When two become one
27 June 2012
The European print industry has transformed itself and embraced the opportunities that the digital age brings. As leading newspaper and magazine brands provide multimedia experiences alongside their print editions, industry leaders believe that the traditional print and new digital sectors are becoming at ease with each other
You may be forgiven for thinking that print is becoming the media of the past, partly driven by the rise of online and SMS advertising. Surprisingly though, the European print sector has bounced back from challenging times in 2008 and 2009, to the point that it now enjoys annual growth of around two percent. With more than 140,000 companies making up the sector, 85% of which are SMEs employing fewer than 20 people, the industry is now worth almost $186bn, with Germany, France, Italy and the UK contributing two thirds of the revenue in Western Europe.
The market is also buoyant beyond Europe; in the emerging Chinese and Indian economies, demand for print is on the rise alongside the growth of the middle classes who have cash to spend on consumer goods.
Tim Peppiatt, chief executive of Paperhat, a print management and creative service company, points out: “It’s just the type of print being consumed that is different. I think it is fair to say that reporting and accounts will migrate to online mediums, but demand for personalised print communication is still growing rapidly and continues to be met by companies using both traditional and digital printing technologies.”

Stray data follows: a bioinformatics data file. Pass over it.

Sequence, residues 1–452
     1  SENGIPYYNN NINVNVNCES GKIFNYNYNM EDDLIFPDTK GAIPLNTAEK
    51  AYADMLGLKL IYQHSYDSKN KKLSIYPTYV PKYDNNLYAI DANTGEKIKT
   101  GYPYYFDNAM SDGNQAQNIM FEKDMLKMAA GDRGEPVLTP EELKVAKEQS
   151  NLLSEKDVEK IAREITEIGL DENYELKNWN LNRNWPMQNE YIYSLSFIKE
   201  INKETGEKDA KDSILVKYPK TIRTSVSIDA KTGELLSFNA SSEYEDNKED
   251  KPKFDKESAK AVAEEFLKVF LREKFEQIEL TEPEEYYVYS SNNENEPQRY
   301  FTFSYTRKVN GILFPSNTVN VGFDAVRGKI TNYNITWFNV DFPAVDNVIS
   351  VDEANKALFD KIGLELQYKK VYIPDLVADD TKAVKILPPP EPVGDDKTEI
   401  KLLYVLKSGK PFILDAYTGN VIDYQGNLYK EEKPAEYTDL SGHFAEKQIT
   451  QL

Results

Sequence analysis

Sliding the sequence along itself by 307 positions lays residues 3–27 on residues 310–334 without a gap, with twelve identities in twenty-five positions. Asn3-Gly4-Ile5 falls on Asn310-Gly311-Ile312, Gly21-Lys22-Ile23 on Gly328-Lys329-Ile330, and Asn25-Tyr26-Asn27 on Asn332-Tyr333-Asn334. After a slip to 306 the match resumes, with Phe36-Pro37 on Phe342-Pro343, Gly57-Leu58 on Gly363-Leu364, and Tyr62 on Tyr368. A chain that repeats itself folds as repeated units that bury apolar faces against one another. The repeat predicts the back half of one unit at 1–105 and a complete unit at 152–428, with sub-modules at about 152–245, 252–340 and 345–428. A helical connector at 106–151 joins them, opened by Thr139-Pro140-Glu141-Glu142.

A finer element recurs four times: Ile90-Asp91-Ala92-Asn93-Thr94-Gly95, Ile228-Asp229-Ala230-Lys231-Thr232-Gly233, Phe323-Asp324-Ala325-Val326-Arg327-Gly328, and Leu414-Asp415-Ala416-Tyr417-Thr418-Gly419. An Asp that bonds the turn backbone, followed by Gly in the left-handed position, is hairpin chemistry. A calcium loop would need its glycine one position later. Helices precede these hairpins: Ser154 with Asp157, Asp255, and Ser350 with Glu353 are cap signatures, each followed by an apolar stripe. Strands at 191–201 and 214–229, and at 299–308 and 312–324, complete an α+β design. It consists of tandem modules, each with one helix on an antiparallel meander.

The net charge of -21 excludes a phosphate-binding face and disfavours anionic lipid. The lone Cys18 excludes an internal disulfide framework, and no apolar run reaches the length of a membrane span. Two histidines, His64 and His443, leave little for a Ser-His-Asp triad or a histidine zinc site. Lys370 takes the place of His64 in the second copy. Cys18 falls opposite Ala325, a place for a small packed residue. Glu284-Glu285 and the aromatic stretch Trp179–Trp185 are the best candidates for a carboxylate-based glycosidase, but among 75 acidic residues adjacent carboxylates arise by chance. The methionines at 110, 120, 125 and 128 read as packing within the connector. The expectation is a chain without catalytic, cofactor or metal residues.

A digital world
Print is a sector that has started to respond in the right way to the opportunities that digital advances have presented. Newspapers and magazines across Europe have launched multimedia digital platforms that sit alongside their print editions, while demand for creative solutions in print and online in the corporate sector also continues to rise.
Peppiatt adds: “The challenge print owners face, therefore, is to stand out from their competitors. This will require continued innovation from companies in both their equipment and processes to guarantee enhanced service delivery.”
Recent research from Info Trends on the European printing industry shows that print volume that originates online is expected to increase by an impressive 8% over the next two years to reach 18% by 2014. Much of this growth is driven by software adoption and print volume perspective in variable data, automated production, and web-to-print. “A combination of new technologies and a willingness by print suppliers to embrace data as part of their offering is also seeing them climb further up the marketing supply chain,” Peppiatt continues.
Data from March 2012 shows that readership of online newspapers has grown 2% compared to 2011 figures. Larry Kilman, deputy chief executive, executive director, communications and public affairs at World Association of Newspapers and News Publishers, says: “Newspaper publishers were taken by surprise by the rise of the internet, but that is certainly not the case with mobile, tablets or any other emerging opportunity. The speed of adaption on these platforms by traditional publishers is necessary and also remarkable.”